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What is Apostille?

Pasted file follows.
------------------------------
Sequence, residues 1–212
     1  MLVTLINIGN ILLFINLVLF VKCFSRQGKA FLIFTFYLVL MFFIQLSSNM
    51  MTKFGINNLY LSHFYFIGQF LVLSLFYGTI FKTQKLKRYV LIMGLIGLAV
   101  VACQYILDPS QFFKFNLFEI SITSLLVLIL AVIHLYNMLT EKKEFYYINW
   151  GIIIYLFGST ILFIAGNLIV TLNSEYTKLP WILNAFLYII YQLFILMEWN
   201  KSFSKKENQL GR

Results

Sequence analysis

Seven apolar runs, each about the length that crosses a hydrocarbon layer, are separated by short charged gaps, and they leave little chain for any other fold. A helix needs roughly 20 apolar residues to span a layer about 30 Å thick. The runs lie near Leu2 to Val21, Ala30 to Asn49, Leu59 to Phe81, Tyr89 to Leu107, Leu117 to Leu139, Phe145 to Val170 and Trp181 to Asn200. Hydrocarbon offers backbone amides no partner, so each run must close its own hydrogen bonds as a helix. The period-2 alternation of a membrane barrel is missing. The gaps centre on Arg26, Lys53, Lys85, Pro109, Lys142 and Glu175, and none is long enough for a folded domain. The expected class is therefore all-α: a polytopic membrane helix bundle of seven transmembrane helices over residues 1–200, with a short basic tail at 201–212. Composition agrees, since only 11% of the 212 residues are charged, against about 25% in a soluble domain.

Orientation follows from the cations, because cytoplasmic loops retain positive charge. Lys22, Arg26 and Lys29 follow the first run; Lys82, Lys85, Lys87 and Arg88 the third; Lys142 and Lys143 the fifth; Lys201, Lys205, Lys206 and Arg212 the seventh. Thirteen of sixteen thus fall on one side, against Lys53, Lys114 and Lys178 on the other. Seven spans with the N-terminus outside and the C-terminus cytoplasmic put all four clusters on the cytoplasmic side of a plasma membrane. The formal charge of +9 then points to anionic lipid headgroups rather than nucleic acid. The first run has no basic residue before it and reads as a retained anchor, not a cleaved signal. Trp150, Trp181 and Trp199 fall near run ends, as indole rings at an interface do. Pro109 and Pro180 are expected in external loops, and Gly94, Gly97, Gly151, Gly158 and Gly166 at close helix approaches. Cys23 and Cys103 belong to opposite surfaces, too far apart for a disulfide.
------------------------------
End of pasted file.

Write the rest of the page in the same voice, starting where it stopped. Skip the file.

Apostille is a document approval system that ensures the authenticity of a document and its legal use in another country. The rules of the Apostille were promulgated by the Hague Convention of 6 October 1961. Apostille rules are valid only between states that are members or parties to the La Haye Conference. A local authority, ministry, an organization determined by the member or party state related to this document approval system, confirms the authenticity of the document and makes it legal for use in another member or party country within the framework of the rules set in the La Haye Convention of 6 October 1961. The document that has been certified by the apostille is accepted as a valid document in all the member and party states of the La Haye Conference. Components of an Apostille document In Apostilles, the main title must be written in French as “Apostille (Convention de La Haye du 5 Octobre 1961)”. An apostille document consists of the following elements: the name of the country in which the document was issued; the name of the person signing the document, the title of the person signing the document; the place where the name of the authority to which the seal imprinted on the document is attested; the date of its certification, the authority issuing the apostille; apostille number, seal or stamp of the authority issuing the apostille; It is the signature of the official who issued the apostille. “The Hague Convention on the Abolition of the Obligation of Certification of Foreign Official Documents dated October 5, 1961” was published in the Official Gazette dated 16.9.1984 and numbered 18517 and entered into force on 29.09.1985 for our country. In the 1st article of the aforementioned contract, the Apostille Annotation. It is envisaged that it will apply to “official documents drawn up in the territory of one of the Convenant States and to be used in the territory of another Convenant State”. It is aimed that the citizens of the aforementioned convention countries can directly use the aforementioned documents issued in their own countries in other party countries, thereby reducing the burden and providing convenience and speed in the procedures. In the aforementioned convention, it is stated that the following documents are considered official documents for the purposes of the convention: A) Official documents for which an Apostille Annotation will be made: a) “Documents issued by an official or official attached to a judicial body or court of the state, including documents given by the prosecutor, court clerk, or court officer, b) Administrative documents, c) Notary public d) Official statements, such as the certification of the registration of the document or the existence of the document on a certain date, and the authenticity of the signatures by the official authorities and notaries, which are placed on documents signed by individuals in a private capacity. B) According to the same article, the documents to which the contract cannot be implemented, in other words, the Apostille cannot be certified: a) “Documents issued by diplomatic or consular officers, b) Administrative documents directly related to trade or customs procedures”. 3) Pursuant to Article 6 of the Convention ” Each Covenant State is required to determine the authorities authorized to issue the Apostille Annotation, and to notify the Dutch Ministry of Foreign Affairs in case of any changes. 4) In Article 9 of the Convention, it is stated that “Each Convenant State shall take the necessary measures to ensure that certification is not made by its own diplomatic or consular officers in cases where the immunity of certification is stipulated in this Convention” and it is stated that a document with an Apostille Annotation duly applied does not require any further certification. 5) It is possible to reach the text of the said Convention, the updated list of the countries that are party to the contract, and the information about which authorities are authorized to put Apostille Annotation in each country, from the address “http://www.hcch.nct/e/status/index.html”. 6) As it is known, international agreements take the character of law after their approval by the Turkish Grand National Assembly (TBMM) and become effective like our national laws.